CrossRef Full Text | Google Scholar

Ort, M. H., Orsi, G., Pappalardo, L., and Fisher, R. V. (2003). Anisotropy of magnetic susceptibility studies of depositional processes in the Campanian Ignimbrite, Italy. Bull. Volcanol. 65, 55–72. doi: 10.1007/s00445-002-0241-2

CrossRef Full Text | Google Scholar

Palmer, H. C., Macdonald, W. D., Gromme, C. S., and Ellwood, B. B. (1996). Magnetic properties and emplacement of the Bishop Tuff, California. Bull. Volcanol. 58, 101–116. doi: 10.1007/s004450050129

CrossRef Full Text | Google Scholar

Paris, R., Lavigne, F., Wassmer, P., and Sartohadi, J. (2007). Coastal sedimentation associated with the December 26, 2004 tsunami in Lhok Nga, west Banda Aceh (Sumatra, Indonesia). Mar. Geol. 238, 93–106. doi: 10.1016/j.margeo.2006.12.009

CrossRef Full Text | Google Scholar

Paris, R., Wassmer, P., Lavigne, F., Belousov, A., Belousova, M., Iskandarsyah, T. Y. W. M., et al. (2014). Coupling eruption and tsunami records: the 1883 Krakatau case-study, Indonesia. Bull. Volcanol. 76:814. doi: 10.1007/s00445-014-0814-x

CrossRef Full Text | Google Scholar

Park, C. K., Doh, S. J., Suk, D. W., and Kim, K. H. (2000). Sedimentary fabric on deep-sea sediments from KODOS area in the eastern Pacific. Mar. Geol. 171, 115–126. doi: 10.1016/S0025-3227(00)00107-9

CrossRef Full Text | Google Scholar

Ranasinghage, P. N. (2010). Holocene Coastal Development in Southeastern-Eastern Sri Lanka: Paleo- Depositional Environments and Paleo-Coastal Hazards. Ph.D. thesis, Kent, Ohio, Kent State University, 437.

Raposo, M. I. B., Pressi, L. F., and de Assis Janasi, V. (2012). Magnetic fabrics and their relationship with the emplacement of the Piracaia pluton, SE Brazil. Int, J. Earth Sci. 101, 773–786. doi: 10.1007/s00531-011-0696-5

CrossRef Full Text | Google Scholar

Rees, A. I. (1968). The production of preferred orientation in a concentrated dispersion of elongated and flattened grains. J. Geol. 76, 457–465. doi: 10.1086/627343

CrossRef Full Text | Google Scholar

Rusnak, G. A. (1957). The orientation of sand grains under conditions of “unidirectionnal” fluid flow. J. Geol. 65, 384–409. doi: 10.1086/626441

CrossRef Full Text | Google Scholar

Tarling, D. H., and Hrouda, F. (1993). The Magnetic Anisotropy of Rocks. London: Chapman & Hall. 218.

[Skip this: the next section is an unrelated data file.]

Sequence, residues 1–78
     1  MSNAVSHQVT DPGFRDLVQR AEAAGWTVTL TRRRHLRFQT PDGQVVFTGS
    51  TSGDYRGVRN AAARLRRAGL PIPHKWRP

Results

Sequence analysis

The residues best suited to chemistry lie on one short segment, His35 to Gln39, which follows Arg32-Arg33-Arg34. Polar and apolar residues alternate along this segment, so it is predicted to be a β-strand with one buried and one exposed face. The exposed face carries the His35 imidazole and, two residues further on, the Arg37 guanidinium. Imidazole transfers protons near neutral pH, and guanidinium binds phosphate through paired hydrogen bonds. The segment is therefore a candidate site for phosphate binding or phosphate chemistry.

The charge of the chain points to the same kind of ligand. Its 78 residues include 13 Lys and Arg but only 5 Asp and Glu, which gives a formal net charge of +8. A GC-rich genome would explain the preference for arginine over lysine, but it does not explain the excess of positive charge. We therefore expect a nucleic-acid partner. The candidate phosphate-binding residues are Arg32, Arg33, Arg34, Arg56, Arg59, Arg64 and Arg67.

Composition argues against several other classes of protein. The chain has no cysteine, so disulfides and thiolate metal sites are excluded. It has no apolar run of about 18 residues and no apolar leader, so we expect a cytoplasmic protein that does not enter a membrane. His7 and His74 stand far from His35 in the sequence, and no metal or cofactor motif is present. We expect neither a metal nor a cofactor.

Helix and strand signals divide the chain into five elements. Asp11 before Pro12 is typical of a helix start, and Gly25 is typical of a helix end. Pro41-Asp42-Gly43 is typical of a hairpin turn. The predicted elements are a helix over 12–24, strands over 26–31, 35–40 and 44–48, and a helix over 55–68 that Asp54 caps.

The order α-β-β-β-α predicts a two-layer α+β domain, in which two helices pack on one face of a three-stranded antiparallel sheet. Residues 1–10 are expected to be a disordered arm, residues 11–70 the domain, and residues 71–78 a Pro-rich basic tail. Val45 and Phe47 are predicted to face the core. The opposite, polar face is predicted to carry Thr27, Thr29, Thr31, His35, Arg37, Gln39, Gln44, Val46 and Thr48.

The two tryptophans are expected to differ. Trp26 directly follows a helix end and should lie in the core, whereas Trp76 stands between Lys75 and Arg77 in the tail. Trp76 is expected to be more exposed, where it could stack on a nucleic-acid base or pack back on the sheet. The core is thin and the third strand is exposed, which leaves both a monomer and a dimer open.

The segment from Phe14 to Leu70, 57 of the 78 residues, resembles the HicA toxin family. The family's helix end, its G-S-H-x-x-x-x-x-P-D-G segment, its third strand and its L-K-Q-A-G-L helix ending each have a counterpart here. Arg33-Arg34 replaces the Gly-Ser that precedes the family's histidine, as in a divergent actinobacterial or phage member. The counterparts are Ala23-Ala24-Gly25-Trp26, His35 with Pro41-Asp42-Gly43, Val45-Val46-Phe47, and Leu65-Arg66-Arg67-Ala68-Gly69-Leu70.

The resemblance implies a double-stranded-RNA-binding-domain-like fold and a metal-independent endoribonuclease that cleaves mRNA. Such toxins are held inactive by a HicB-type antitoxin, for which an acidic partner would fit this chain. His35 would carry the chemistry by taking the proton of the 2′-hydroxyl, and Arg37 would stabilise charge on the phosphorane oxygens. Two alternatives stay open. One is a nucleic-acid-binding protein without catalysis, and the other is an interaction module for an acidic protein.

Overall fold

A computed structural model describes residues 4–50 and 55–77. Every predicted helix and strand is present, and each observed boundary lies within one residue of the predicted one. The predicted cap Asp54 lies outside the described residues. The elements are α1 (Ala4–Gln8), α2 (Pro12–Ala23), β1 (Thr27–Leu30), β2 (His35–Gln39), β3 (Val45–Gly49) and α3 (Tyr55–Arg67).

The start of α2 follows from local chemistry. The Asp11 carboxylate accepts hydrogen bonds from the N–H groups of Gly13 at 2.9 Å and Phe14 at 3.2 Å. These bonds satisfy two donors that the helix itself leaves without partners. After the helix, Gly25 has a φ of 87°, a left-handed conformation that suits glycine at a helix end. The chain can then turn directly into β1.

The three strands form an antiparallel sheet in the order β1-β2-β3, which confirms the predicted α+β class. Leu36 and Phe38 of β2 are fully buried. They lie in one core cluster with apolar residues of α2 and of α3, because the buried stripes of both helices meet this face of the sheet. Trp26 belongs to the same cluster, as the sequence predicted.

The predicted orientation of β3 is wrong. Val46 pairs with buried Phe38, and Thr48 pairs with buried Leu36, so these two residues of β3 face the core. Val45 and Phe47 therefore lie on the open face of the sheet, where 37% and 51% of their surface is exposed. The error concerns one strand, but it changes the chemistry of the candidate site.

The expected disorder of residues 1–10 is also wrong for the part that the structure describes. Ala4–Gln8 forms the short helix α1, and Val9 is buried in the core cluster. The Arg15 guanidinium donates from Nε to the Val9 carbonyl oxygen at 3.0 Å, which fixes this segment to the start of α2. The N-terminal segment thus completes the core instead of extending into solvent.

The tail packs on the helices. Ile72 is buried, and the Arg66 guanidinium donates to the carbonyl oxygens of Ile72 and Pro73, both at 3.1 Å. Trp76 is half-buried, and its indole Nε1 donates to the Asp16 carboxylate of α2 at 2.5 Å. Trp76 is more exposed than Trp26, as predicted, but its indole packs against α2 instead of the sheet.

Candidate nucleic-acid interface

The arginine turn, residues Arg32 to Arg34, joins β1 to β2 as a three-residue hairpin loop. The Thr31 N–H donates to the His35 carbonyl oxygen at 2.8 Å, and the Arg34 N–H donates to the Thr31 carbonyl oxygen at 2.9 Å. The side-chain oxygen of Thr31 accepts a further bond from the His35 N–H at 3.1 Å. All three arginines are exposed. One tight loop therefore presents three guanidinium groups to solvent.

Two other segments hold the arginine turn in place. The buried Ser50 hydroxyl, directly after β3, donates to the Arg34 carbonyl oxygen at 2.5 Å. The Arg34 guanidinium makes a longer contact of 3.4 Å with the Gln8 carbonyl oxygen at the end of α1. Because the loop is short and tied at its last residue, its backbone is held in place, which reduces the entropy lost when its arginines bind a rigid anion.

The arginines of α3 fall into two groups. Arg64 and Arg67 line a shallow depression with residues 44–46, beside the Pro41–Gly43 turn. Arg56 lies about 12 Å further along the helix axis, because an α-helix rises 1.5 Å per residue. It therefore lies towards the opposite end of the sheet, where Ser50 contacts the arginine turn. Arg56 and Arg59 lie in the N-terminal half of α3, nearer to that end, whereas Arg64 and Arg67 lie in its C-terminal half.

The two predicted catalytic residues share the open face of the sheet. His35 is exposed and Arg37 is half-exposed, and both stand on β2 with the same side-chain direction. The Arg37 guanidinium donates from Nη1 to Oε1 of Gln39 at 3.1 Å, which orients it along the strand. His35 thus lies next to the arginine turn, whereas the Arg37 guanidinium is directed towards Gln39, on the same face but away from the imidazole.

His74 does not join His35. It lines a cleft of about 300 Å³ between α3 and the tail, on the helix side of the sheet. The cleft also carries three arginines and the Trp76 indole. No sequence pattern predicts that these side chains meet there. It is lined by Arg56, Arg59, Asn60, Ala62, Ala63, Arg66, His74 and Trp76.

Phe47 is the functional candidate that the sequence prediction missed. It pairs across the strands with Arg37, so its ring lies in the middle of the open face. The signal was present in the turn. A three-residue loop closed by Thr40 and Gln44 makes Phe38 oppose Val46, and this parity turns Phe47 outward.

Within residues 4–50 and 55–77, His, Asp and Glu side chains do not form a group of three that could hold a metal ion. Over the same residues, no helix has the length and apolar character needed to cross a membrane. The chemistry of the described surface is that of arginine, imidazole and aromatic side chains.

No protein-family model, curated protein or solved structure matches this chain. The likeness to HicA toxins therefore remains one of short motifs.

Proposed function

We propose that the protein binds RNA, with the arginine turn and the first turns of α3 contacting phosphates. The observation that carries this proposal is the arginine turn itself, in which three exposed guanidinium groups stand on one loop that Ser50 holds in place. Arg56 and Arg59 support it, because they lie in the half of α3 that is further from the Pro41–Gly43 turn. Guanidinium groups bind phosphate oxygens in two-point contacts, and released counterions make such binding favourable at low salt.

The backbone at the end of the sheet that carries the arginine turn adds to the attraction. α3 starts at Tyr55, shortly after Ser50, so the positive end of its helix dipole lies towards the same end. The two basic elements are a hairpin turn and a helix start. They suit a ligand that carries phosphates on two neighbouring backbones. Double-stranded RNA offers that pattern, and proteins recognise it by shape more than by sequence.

Google Scholar

Veloso, E. E., Hayman, N. W., Anma, R., Tominaga, M., Gonzales, R. T., Yamazaki, T., et al. (2014). Magma flow directions in the sheeted dike complex at superfast spreading mid-ocean ridges. Insights from IODP Hole 1256D, Eastern Pacific. Geochem. Geophys. Geosyst. 15, 1283–1295. doi: 10.1002/2013GC004957

CrossRef Full Text | Google Scholar

Vijaya Lakshmi, C. S., Srinivasan, P., Murthy, S. G. N., Trivedi, D., and Nair, R. R. (2010). Granularity and textural analysis as a proxy for extreme wave events in southeast coast of India. J. Earth Syst. Sci. 119, 297–305. doi: 10.1007/s12040-010-0023-8

CrossRef Full Text | Google Scholar

Wassmer, P. (2015). Dating of a 4220 BP Paleo-Tsunami in North Sumatra.

Wassmer, P., Baumert, P., Lavigne, F., Paris, R., and Sartohadi, J. (2007). Sedimentary facies and transfer associated with the December 26, 2004 tsunami on the north eastern littoral of Banda Aceh (Sumatra, Indonesia) / Faciés et transferts sédimentaires associés au tsunami du 26 décembre 2004 sur le littoral au nord-est de Banda Aceh (Sumatra, Indonésie). Geomorphologie 4, 55–66.

Wassmer, P., and Gomez, C. (2011). Development of the AMS method for unconsolidated sediments. Application to tsunami deposits. Geomorphol. Relief Process. 3, 279–290. doi: 10.4000/geomorphologie.9491

CrossRef Full Text | Google Scholar

Wassmer, P., Schneider, J.-L., Fonfrege, A., Lavigne, F., Paris, R., and Gomez, C. (2010). Use of Anisotropy of Magnetic Susceptibility (AMS) in the study of tsunami deposits: application to the 2004 deposits on the eastern coast of Banda Aceh, North Sumtra, Indonesia. Mar. Geol. 275, 255–272. doi: 10.1016/j.margeo.2010.06.007

CrossRef Full Text | Google Scholar

Willcock, M. A. W., Mattei, M., Hasalova, P., Giordano, G., Cas, R. A. F., and Morelli, C. (2014). “Flow behaviour in the intra-caldera setting: an AMS study of the large (>1290 km3) Permian Ora ignimbrite,” in The Use of Palaeomagnetism and Rock Magnetism to Understand Volcanic Processes, Vol. 396, eds M. H. Ort, M. Porreca, and J. W. Geissman (London: Geological Society, Special Publications), 177–204. doi: 10.1144/SP396.3

CrossRef Full Text

Keywords: paleo-tsunami, flow behavior reconstruction, anisotropy of magnetic susceptibility, structureless sediment deposit, Banda Aceh

Citation: Wassmer PC, Gomez CA, Iskandasyah TYWM, Lavigne F and Sartohadi J (2015) Contribution of anisotropy of magnetic susceptibility (AMS) to reconstruct flooding characteristics of a 4220 BP tsunami from a thick unconsolidated structureless deposit (Banda Aceh, Sumatra). Front. Earth Sci. 3:40. doi: 10.3389/feart.2015.00040

Received: 05 May 2015; Accepted: 03 July 2015;
Published: 21 July 2015.

Edited by:

Eric Font, University of Lisbon, Portugal

Reviewed by:

Jean-Luc Bouchez, Toulouse University, France
Hervé Regnauld, University of Rennes 2, France

Copyright © 2015 Wassmer, Gomez, Iskandasyah, Lavigne and Sartohadi. This is an open-access article distributed under the terms of the Creative Commons Attribution License (CC BY). The use, distribution or reproduction in other forums is permitted, provided the original author(s) or licensor are credited and that the original publication in this journal is cited, in accordance with accepted academic practice. No use, distribution or reproduction is permitted which does not comply with these terms.

*Correspondence: Patrick C. Wassmer, Laboratoire de Geographie Physique, UMR-Centre National de la Recherche Scientifique 8591, 1, Place Aristide Briand, 92195 Meudon, France,